Written by Jason Strimpel, Staff Software Engineer, @WalmartLabs
I’m a developer for a branch of @WalmartLabs in Carlsbad, Calif. (San Diego area), and one of the pain points we share with the community is unit testing AMD code bases. That’s why our team developed grunt-castle, a unit-testing Grunt plugin for AMD client, server, and client-server code bases. The plugin eases the pain of unit testing AMD code bases by reducing specification boilerplate, auto-resolving of paths, and auto-wiring and configuring other open source libraries.
What it does
If you have unit tested an AMD code base before, you know first-hand the challenges it presents. For those who have not, I highly suggest reading Effective Unit Testing with AMD by Mike Pennisi.
In addition to solving the issues Mike outlines grunt-castle wires together several open source projects required for automating the testing of client-server AMD code bases. If you are starting from scratch figuring out how to put these pieces together, configure them, and wrap them up with a convenient API can be challenging. When we set out to write grunt-castle there were four main requirements that we used as guidelines. Remember it does the following for both environments!
- Mocking: Another major pain point we had was mocking dependencies. We wanted the ability to easily mock a dependency anywhere in the dependency tree by simply providing a module id. Grunt-castle does this via a lightweight wrapper that proxies to Squire.js. Additionally, we wanted to be able to mock global objects and have these global objects cleaned up between each test and specification to prevent problems with specifications corrupting global objects and breaking tests in subsequent specifications. Grunt-castle does this by automatically creating a fresh copy of global objects that have been mocked between tests.
- Path Resolution and Automation: Path issues can be quite challenging when it comes to unit testing AMD code. We wanted these issues automatically resolved, which is exactly what grunt-castle does. It uses the Grunt task configuration to resolve application and mock paths. It then uses these paths to configure RequireJS and load mocks, so that all you have to do is provide a module id. We also did not want to have load supporting libraries such as Chai or Sinon-Chai for each specification, so grunt-castle does this and makes them automatically available in specifications. We did not want to have to create HTML wrappers and worry about configuring paths correctly for the client either, so grunt-castle automatically generates HTML versions of all your specifications.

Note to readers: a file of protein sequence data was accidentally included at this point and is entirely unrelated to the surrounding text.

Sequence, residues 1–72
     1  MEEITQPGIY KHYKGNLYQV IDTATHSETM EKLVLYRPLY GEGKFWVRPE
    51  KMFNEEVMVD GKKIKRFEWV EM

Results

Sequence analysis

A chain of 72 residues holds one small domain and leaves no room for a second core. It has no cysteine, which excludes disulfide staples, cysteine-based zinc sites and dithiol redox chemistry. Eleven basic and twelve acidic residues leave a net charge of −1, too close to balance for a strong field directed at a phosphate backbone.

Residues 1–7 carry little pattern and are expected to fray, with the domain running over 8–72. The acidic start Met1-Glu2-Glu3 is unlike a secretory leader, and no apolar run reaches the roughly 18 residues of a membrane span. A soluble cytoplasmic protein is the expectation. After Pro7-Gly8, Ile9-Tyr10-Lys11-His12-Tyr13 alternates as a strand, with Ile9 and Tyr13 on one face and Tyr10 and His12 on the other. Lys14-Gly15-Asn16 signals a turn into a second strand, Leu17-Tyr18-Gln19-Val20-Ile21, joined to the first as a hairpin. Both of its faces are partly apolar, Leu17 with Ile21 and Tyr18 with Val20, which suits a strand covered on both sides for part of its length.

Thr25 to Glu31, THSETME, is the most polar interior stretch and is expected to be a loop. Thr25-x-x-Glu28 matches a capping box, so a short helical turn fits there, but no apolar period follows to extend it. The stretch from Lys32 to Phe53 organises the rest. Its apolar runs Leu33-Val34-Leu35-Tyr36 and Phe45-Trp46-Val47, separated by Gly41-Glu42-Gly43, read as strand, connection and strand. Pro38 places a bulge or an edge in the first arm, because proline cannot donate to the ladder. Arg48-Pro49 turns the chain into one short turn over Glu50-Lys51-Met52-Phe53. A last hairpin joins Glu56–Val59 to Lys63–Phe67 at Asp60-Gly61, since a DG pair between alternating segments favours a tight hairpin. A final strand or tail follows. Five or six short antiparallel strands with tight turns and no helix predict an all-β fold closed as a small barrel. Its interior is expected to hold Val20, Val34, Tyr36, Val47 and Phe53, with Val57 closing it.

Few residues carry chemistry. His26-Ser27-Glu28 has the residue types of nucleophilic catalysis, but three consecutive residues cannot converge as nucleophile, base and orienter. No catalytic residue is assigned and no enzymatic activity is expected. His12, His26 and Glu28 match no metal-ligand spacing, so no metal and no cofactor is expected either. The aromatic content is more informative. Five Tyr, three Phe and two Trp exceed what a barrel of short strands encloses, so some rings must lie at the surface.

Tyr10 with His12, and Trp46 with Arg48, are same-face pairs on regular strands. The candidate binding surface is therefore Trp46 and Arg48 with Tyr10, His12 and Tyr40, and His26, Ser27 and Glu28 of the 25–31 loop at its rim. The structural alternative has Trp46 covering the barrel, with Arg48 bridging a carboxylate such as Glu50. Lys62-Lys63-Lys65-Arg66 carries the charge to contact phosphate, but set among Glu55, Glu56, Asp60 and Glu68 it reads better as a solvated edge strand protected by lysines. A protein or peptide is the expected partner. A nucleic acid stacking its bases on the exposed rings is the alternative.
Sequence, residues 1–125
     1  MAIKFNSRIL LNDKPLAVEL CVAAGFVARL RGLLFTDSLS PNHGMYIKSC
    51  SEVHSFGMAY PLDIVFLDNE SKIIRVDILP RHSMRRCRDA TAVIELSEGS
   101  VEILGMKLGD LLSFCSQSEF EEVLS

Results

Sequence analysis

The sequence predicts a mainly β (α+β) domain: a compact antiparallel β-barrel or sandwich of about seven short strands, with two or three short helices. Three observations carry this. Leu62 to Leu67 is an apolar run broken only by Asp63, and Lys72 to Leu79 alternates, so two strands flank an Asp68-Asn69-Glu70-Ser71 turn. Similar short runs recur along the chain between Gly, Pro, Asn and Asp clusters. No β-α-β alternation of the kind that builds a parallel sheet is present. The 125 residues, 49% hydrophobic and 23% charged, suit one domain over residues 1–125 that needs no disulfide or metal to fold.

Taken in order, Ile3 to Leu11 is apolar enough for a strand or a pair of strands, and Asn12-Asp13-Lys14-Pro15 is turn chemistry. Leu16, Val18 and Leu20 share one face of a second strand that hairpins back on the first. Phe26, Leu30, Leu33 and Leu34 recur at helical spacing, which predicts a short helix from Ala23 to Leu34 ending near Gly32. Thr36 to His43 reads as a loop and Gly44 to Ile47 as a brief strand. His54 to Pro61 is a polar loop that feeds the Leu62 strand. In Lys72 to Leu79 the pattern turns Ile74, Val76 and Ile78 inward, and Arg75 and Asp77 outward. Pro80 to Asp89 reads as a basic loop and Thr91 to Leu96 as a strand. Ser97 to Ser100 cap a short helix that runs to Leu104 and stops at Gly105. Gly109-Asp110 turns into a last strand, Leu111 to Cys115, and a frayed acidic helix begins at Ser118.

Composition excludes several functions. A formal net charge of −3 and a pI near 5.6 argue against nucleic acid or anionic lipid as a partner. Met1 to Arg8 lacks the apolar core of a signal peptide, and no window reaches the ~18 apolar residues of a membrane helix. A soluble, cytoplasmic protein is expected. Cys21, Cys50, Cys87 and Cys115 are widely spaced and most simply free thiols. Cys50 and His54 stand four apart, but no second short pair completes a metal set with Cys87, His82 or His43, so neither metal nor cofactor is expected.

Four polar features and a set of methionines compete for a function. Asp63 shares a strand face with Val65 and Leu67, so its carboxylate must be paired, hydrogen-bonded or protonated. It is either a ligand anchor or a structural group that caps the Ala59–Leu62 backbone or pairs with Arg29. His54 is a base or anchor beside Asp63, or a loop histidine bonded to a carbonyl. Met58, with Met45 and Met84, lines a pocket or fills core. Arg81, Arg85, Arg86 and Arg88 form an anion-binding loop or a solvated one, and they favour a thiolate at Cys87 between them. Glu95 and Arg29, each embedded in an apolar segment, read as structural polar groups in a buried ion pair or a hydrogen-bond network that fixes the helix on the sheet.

- Code Coverage: Our last requirement was generating code coverage reports. We needed the ability to easily instrument code and generate LCOV reports that could be consumed by an internal reporting tool. We also wanted to generate HTML coverage reports that we could view locally to find coverage gaps. Grunt-castle does this by using the Mocha json-cov reporter and converting the results to LCOV. For the local reports it uses the Mocha coverage reporting templates.
Getting started with grunt-castle is a breeze. If you are not familiar with Grunt then I advise reading the Getting Started guide first. For those of you who are familiar with Grunt already I created an example project that will have you unit testing AMD code with grunt-castle in three easy steps.
Things to Come
Grunt-castle was built to abstract and encapsulate processes that we found necessary for unit testing a client-server web framework. Because of this the plugin’s scope became too large. In the future we would like to limit the plugin’s scope to running unit test and generating output via Mocha reporters. For instance, the instrumentation of code should not be the responsibility of grunt-castle, so this will likely be removed.
This was the first Grunt plugin anyone of the team has authored and our previous experience with Grunt is limited, we’re always looking for open source contributors who are Grunt plugin experts from the community to help improve grunt-castle.